6. When the W-Bodies came out because of this fuel crisis that did not exist, GM was looking at diesels for the W Bodies. They did offer 4 cylinders. They offered the Quad 4 on Cutlass Supreme and Grand Prix. Chevrolet did not offer it on the Lumina family, and Buick did not offer it either. For the longest time, Regal was the only one that offered the 3.8 liter V6.

7. The Lumina family were the largest W Bodies at 198.7 inches long. Then they were the largest again with the redesign in 1995 at 200 inches. Today, the Impala is the largest W Body.

8. The car magazines thought the spy photos of the 1988 Regal were prototypes for a updated and lengthened Riviera.

Feel free to add more.

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Please don't kill the mood here. We are all having fun discussing things here. Sadly, many assume a front wheel drive car is unibody.

Wasn't my intention..... I guess because I owned one <and hope to again soon> it just seemed like a major "duh" to me. All you have to do is look under the bumper.

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Wasn't my intention..... I guess because I owned one <and hope to again soon> it just seemed like a major "duh" to me. All you have to do is look under the bumper.

Agreed. I hope you own one soon too. I wanted the 1984-1985 Toronado with the digital gauges they had back then. Total fan of that car. I went with the 1991-1992 because of the gas mileage and the the steering wheel controls and and other features.

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I thought I read somewhere that the Riv/Toro/Eldo did share some understructure. When I look at the A-pillar/windshield/cowl area of the three, they all look very similar. I understand that the lower firewall can't be the same due to the flat floor of the FWD twins, though.

One thing I wondered about w/ E-bodies... the windshield shape of the '71-78 E- looked a lot like the '71-76 B- and C- bodies..did they share a cowl, A-pillars, firewall, perhaps?

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I have a couple:

GM began experimenting with a rear-mounted transaxle for the Corvette all the way back in 1957 with the Q Corvette concept. The styling of this concept eventally evolved into the 1963 Corvette.

The C5 was originally scheduled to be out for the 1993 model year in time for the 40th anniversary.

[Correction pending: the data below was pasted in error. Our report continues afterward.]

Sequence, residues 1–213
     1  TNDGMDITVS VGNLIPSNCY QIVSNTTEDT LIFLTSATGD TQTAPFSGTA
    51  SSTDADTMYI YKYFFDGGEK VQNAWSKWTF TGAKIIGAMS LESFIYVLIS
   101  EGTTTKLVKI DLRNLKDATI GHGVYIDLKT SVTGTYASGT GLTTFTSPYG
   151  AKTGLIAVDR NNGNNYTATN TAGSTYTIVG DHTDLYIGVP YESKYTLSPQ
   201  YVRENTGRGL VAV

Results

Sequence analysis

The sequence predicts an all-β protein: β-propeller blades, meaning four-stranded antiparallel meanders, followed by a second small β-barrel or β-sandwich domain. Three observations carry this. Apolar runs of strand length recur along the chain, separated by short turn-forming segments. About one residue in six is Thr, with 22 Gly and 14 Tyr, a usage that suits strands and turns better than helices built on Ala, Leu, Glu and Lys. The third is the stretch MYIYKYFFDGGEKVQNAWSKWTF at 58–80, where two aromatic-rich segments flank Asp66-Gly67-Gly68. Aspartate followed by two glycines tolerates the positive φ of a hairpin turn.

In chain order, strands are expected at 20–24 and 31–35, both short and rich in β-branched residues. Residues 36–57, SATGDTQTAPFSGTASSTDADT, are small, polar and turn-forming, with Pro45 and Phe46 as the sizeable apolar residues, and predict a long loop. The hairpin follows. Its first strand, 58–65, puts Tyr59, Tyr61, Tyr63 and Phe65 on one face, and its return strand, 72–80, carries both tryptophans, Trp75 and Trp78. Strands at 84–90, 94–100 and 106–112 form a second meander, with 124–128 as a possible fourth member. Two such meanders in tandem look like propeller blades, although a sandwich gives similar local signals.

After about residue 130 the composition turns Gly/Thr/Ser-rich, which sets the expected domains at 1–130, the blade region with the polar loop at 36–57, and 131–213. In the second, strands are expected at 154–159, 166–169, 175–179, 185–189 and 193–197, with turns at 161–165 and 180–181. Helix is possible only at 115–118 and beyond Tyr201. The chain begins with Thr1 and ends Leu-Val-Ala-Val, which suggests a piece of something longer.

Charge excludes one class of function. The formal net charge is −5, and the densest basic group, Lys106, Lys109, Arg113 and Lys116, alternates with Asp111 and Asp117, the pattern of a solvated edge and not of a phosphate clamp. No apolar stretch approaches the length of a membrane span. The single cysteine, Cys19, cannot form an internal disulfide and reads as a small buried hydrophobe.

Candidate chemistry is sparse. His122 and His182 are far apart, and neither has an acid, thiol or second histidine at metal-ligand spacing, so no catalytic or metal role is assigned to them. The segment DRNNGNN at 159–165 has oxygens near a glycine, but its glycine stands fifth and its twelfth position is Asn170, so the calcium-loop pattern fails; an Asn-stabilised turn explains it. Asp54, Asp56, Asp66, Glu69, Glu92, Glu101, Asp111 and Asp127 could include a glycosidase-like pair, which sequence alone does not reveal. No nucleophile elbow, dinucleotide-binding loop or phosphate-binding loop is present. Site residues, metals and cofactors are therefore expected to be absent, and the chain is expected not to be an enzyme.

The well-liked Stingray-III concept from the early 90s had styling elements that utimately found their way onto..........the 1995 Cavalier.

Plans were in motion for a Beretta convertible. GM went so far as to offer an RPO code for it on order sheets before it was aborted during the early-90s implosion.

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I have a couple:

GM began experimenting with a rear-mounted transaxle for the Corvette all the way back in 1957 with the Q Corvette concept. The styling of this concept eventally evolved into the 1963 Corvette.

The C5 was originally scheduled to be out for the 1993 model year in time for the 40th anniversary.

The well-liked Stingray-III concept from the early 90s had styling elements that utimately found their way onto..........the 1995 Cavalier.

Plans were in motion for a Beretta convertible. GM went so far as to offer an RPO code for it on order sheets before it was aborted during the early-90s implosion.

Get out!! The 1995 Cavalier?? Let me go look at that catalog..

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Pontiac efforted, among other interesting stuff, their own version of the 79-87 El Camino, complete with arguably its best looking front end. No idea what stayed its release.

The Riviera of 74-78 was ALSO definitely B-car based. Literally shortened LeSabre coupes. 77-78 could fool you with the Eldorado greenhouse from the same period.

And to Balty, yeah, you were still misreading me. I wasn't saying that the 63 Riv was a bread-and-butter intermediate, but that the car had what it had while being the SIZE of an intermediate...it was no sports car, but it was much more athletic looking than the big ocean liner that would usually get the Riv's goodies.

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Pontiac efforted, among other interesting stuff, their own version of the 79-87 El Camino, complete with arguably its best looking front end. No idea what stayed its release.

The Riviera of 74-78 was ALSO definitely B-car based. Literally shortened LeSabre coupes. 77-78 could fool you with the Eldorado greenhouse from the same period.

And to Balty, yeah, you were still misreading me. I wasn't saying that the 63 Riv was a bread-and-butter intermediate, but that the car had what it had while being the SIZE of an intermediate...it was no sports car, but it was much more athletic looking than the big ocean liner that would usually get the Riv's goodies.

The GMC version may have killed that release. Wasn't it called GMC Callebaro or something like that? The Pontiac version had the Grand Am front end.

You know Pontiac almost made that Firebird wagon more than once. It never saw production. I know they had a concept for 1986.

The Bonneville SSE and 6000 STE shared parts. They had the same seats, steering wheels and other features. I think they canceled each other out with the Bonneville SSE living on. There was a Grand Prix STE too for a brief time.

Edited by NINETY EIGHT REGENCY
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Here's the Beretta 'vert mentioned earlier.

Posted Image

Looks so much like a third-gen Camaro 'vert, it scares the piss out of me.

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Chevy and GMC had to present their case for why they should receive the small, compact AWD sport truck that we know as "Syclone". Chevy's version, which was turned down, became the S10 Cameo truck ('89-'91), while GMC was awarded the vehicle and the rest is history.

Posted Image

(pictured with non-stock rims)